Sim­ple solutions:

Re-bores need the right tools and ex­pert knowl­edge!

Classic Motorcycle Mechanics - - WORKSHOP -

3/ And swear… loudly! The bore is al­ready at sec­ond over­size i.e. 0.5mm and as we know the dam­age goes deeper. There re­ally is no point in re-bor­ing un­less there’s a pis­ton in stock to suit. 4/ In an ideal world these third over­size pis­tons would be per­fect but our bar­rels are so badly worn in places they re­ally need to be ma­chined to fourth over­size or 1.0mm…so more ex­pense! 5/ Al­ways check the di­men­sions of re­place­ment pis­tons; never as­sume any­thing. It’s not un­com­mon to find the wrong sized pis­tons in cor­rectly marked boxes. And very oc­ca­sion­ally the pis­tons are ac­tu­ally stamped up wrong; mea­sure twice, cut once etc. Al­ways take the mea­sure­ments 10mm from the bot­tom of the pis­ton front to back, not side to side. 6/ The cylin­der is po­si­tioned on the bed of the bor­ing bar with short, over­sized, steel cylin­ders top and bot­tom as sup­ports. SP A bore cylin­ders from bot­tom to top; this keeps the line of the bore per­pen­dic­u­lar to the base gas­ket/crack case in­ter­face en­sur­ing cor­rect align­ment to the crank. 7/ The bor­ing head needs to be cen­tralised in the cylin­der or we’ll just be caus­ing car­nage here. The three pins, lo­cated at 12 0 de­grees from each other, fa­cil­i­tate pre­cise cen­tring.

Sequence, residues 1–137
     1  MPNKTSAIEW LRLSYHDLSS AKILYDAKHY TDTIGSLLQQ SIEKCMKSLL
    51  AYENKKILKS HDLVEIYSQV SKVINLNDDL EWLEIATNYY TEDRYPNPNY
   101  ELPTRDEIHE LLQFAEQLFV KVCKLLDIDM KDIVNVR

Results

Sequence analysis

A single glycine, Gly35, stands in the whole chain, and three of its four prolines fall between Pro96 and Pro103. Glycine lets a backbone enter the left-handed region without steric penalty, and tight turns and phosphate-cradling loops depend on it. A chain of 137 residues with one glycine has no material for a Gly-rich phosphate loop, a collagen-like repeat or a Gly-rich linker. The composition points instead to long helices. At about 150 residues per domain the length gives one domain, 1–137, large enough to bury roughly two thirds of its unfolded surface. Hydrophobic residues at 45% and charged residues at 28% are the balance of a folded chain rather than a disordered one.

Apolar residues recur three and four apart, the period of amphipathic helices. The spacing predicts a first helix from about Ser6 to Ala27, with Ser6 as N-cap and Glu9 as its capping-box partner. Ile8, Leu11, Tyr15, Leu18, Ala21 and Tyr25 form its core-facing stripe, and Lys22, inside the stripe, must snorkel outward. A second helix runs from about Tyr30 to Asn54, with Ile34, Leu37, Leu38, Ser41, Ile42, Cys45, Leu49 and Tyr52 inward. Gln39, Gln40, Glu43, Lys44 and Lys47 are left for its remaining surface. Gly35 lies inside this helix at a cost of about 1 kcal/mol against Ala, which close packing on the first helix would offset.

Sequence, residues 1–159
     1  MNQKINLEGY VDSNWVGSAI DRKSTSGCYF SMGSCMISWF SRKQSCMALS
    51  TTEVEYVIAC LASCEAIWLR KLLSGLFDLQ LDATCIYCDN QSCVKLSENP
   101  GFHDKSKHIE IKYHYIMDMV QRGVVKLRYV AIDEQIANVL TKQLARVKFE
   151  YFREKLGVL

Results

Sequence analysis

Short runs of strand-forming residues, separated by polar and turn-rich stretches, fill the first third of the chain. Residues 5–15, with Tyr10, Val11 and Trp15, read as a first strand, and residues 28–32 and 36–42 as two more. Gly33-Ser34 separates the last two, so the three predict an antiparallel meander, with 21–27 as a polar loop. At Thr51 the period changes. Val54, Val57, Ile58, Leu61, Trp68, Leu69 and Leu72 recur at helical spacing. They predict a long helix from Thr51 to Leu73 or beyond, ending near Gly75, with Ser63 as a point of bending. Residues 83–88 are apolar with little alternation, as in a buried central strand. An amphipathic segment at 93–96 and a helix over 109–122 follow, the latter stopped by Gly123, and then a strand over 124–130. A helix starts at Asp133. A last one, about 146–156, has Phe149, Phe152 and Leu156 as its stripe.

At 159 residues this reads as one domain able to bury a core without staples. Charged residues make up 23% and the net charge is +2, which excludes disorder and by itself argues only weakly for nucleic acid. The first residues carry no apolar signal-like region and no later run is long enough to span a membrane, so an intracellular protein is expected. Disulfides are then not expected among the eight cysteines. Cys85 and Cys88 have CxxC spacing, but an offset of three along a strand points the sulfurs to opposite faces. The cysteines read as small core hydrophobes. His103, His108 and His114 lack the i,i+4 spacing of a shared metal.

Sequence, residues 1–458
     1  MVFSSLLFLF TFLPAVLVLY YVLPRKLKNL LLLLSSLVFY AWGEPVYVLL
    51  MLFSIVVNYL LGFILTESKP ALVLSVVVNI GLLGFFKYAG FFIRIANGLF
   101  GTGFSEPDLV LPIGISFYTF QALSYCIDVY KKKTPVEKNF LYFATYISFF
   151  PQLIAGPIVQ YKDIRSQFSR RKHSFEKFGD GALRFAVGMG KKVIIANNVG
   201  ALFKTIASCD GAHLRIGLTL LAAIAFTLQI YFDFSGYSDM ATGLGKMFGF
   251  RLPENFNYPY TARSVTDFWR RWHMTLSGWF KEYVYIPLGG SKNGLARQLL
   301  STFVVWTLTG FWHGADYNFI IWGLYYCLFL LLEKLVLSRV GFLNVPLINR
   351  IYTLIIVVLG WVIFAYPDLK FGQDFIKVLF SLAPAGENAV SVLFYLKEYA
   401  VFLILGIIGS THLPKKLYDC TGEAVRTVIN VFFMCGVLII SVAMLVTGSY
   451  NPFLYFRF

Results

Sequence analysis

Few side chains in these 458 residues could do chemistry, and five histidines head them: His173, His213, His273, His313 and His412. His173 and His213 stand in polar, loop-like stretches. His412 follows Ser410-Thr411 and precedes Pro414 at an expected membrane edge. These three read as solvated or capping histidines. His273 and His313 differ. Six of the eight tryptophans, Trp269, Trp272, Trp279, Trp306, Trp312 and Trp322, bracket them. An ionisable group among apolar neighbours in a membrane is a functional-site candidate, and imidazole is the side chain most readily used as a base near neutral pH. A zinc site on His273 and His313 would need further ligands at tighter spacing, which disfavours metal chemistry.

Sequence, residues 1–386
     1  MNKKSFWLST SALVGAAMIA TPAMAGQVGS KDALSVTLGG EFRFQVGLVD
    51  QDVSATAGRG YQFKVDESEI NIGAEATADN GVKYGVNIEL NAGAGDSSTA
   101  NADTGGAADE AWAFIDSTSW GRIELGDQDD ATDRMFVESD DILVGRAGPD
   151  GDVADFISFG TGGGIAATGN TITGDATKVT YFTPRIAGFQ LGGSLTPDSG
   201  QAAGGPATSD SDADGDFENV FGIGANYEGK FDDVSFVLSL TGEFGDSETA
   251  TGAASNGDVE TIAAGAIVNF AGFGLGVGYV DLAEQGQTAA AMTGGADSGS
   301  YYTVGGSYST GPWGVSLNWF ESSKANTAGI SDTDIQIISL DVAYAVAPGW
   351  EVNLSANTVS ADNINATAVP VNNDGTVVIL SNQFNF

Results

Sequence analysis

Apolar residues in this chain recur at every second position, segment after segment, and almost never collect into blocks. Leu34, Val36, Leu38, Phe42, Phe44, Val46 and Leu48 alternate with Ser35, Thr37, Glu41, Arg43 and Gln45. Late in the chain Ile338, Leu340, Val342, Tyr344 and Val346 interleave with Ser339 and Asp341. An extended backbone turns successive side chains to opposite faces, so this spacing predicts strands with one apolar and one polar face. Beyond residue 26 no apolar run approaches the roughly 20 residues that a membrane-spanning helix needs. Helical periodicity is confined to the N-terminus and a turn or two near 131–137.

8/ With the bor­ing head set and the tool in place the cylin­der is care­fully bored and gen­er­ally the cuts are made in­cre­men­tally if there’s a lot of metal to take out. ob em­ber­ton bores to one tenth of a thou whereas the fac­tory specs set the limit at two thou! This is just one of the dif­fer­ences be­tween a quick re­bore and a proper job. 9/ ost bor­ing bar the freshly ma­chined lin­ers will need hon­ing; if this isn’t done the rings will get a re­ally rough time. Hones come in a range of var­i­ous sizes to suit dif­fer­ent bores. They also run dif­fer­ent con­fig­u­ra­tions of stones or cut­ters. One cru­cial el­e­ment of two-stroke re-bor­ing that has been omit­ted is port cham­fer­ing. Ev­ery spe­cial­ist has their own tricks of the trade and ve been asked not to pho­to­graph Rob' s tech­niq ues but trust me when say they are done and done prop­erly. f the ports aren' t cham­fered then the pis­ton rings will make dra­matic, sud­den and hard con­tact with the port edges which is guar­an­teed to do dam­age. With de­cent two-stroke oil in the tank, al­low­ing the en­gine to warm up when cold and a mod­icum of throt­tle re­straint as the mo­tor gets to op­er­at­ing tem­per­a­ture, the re­bored bar­rels of Pro­ject amaha CS3 C should last for ages. ou' d doubt­less nd some en­gi­neer­ing shops of­fer­ing 15 re­bores as op­posed to the 5 VAT SPA Mo­tor­cy­cles charge but get thisº a uick re-bore and a ca­sual hone are of­ten only one step above the knack­ered cylin­der you just handed over. Surely your mo­tor is worth more than that? 10/ We’re us­ing a four stone hone on the two-stroke bar­rel to aid the cut on the base or spigot area in­di­cated. With a two stone hone there’s a dis­tinct pos­si­bil­ity the forces in­volved might de­form the un­sup­ported liner which is sur­pris­ingly eas­ily dis­torted. 11/ Af­ter the bar­rels have set­tled overnight from the re-bore they’re honed close to size, then al­lowed to sit again to re­cover. e-honed a sec­ond time, they may get an­other ses­sion if nec­es­sary. Overkill pos­si­bly? Not when you re­alise ob builds top line racing two-stroke en­gines! 12/ rior to fit­ting the bar­rels, get an in-depth wash in hot soapy wa­ter which might sound like mad­ness but it’s not. very last frag­ment of re-bore and hon­ing de­tri­tus needs to be evicted or there will be ring/ pis­ton/bore wear: post de­wa­ter­ing with some iso­propanol, the bores are coated with ACF -50 to keep cor­ro­sion at bay.

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